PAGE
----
War of the Rebellion: Serial 069 Page 0047 Chapter XLVIII. CORRESPONDENCE, ETC.-UNION.

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HEADQUARTERS SECOND ARMY CORPS,

May 21, 1864-5.30 a. m.

General WILLIAMS,

Assistant Adjutant-General, Army of the Potomac:

GENERAL: General Torbert sent a small detachments of cavalry to hold the Guiney Bridge from Spotsylvania. The detachment was too small for the purpose and our cavalry was driven back. I have directed each division commander to hold the road until all the trains are passed, and I have ordered General Torbert to send and adequate force for, the purpose; but I will notify you, in case of any trains passing this was after my troops and trains have passed.

WINF'D S. HANCOCK,

Major-General of Volunteers.

HEAQUARTES ARMY OF THE POTOMAC,

May 21, 1864-7.30 a. m.

Major-General HANCOCK,

Commanding Second Corps:

Your dispatch of 4.30 a. m. has been received. I am instructed to inform you that everything is quiet here just now. The enemy is still in force in front of General Warren, although there are indications that he made a considerable movement to his right last night. General Warren's corps will move at 10 a. m. and proceed down the Telegraph road to open communication with you. General headquarters for the present will be near the Fifth Corps, on the Telegraph road.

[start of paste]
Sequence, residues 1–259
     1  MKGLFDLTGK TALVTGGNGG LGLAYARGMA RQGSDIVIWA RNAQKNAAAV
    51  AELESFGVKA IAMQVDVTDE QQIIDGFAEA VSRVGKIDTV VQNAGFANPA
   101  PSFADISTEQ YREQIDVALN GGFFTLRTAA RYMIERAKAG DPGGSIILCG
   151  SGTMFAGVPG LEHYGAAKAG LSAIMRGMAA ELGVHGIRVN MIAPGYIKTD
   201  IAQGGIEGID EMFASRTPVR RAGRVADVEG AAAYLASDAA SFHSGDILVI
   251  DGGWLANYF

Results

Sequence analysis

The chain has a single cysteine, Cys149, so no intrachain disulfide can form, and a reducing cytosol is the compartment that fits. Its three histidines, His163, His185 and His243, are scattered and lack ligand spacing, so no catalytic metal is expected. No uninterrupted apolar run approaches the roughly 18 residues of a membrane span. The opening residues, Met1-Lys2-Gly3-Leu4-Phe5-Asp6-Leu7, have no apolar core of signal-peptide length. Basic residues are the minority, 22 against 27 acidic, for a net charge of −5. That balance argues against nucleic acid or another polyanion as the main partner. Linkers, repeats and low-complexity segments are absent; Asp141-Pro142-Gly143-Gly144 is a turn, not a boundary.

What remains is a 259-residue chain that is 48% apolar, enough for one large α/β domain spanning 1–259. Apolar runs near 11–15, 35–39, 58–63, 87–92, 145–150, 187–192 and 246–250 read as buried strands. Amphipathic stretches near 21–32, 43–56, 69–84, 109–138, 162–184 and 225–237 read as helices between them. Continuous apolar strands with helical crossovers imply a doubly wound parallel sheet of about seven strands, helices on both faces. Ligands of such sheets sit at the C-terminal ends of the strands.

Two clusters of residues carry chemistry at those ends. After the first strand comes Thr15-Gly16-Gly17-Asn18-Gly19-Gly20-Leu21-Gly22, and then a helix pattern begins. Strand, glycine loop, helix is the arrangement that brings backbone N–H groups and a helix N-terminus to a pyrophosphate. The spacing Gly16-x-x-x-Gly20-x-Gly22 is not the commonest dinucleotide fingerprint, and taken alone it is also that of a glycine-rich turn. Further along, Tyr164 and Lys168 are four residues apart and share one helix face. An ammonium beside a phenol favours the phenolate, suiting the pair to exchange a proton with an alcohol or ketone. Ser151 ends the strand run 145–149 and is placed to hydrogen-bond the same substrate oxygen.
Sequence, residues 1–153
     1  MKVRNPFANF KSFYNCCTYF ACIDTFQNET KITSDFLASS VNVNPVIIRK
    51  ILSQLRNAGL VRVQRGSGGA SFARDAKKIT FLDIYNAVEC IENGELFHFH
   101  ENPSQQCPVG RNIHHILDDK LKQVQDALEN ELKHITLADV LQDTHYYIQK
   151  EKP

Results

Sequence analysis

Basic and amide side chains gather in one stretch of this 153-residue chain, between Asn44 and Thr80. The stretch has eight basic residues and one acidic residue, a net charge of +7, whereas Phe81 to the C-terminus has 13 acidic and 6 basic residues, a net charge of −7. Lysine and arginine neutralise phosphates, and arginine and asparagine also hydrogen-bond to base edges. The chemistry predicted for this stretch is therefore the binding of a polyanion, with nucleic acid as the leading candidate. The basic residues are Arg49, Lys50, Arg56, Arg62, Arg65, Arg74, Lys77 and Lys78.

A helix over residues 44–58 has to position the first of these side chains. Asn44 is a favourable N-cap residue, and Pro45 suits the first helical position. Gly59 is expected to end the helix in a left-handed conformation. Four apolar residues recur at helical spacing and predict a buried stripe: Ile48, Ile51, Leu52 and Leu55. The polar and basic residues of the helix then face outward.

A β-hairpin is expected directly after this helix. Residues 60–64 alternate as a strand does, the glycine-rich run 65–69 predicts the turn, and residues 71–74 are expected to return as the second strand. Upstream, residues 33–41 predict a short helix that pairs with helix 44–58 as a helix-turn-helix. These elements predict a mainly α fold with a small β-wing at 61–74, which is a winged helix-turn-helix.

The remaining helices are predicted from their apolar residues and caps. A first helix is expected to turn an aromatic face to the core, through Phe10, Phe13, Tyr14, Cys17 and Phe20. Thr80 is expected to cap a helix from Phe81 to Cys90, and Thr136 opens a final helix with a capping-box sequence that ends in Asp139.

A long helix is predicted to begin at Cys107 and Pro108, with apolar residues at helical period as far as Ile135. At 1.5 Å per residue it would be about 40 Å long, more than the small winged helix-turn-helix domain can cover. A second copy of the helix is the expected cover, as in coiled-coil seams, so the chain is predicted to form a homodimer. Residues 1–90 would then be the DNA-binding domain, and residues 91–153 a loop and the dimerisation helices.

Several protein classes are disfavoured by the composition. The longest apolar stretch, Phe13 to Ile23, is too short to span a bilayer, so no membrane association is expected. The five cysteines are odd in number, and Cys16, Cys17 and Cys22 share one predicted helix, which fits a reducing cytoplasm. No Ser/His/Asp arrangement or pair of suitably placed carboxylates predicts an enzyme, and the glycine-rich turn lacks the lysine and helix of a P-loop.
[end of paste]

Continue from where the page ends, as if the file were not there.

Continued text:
Very respectfully, your obedient servant,

S. WILLIAMS,

Assistant Adjutant-General.

HEADQUARTERS,

May 21, 1864-9 a. m.

Brigadier General S. WILLIAMS,

Assistant Adjutant-General, Army of the Potomac:

GENERAL: I am within 1 mile of Bowling Green. I hear our cavalry firing some small-arms, occasionally artillery; I suppose at Milford. The negroes all along the road in this vicinity give the same report, that General Hoke arrived at Milford yesterday with him 10,000 to 13,000 men (re-enforcements for Lee), and they went across the river.

I send you a paper of the 19th, by which it seems our movement to the right was conjectured. A signal station at Guiney's or opposite has been signaling our movements since daylight. The negroes also say we were expected, and that some artillery was placed in position at Milford.

Your obedient servant,

WINF'D S. HANCOCK,

Major-General.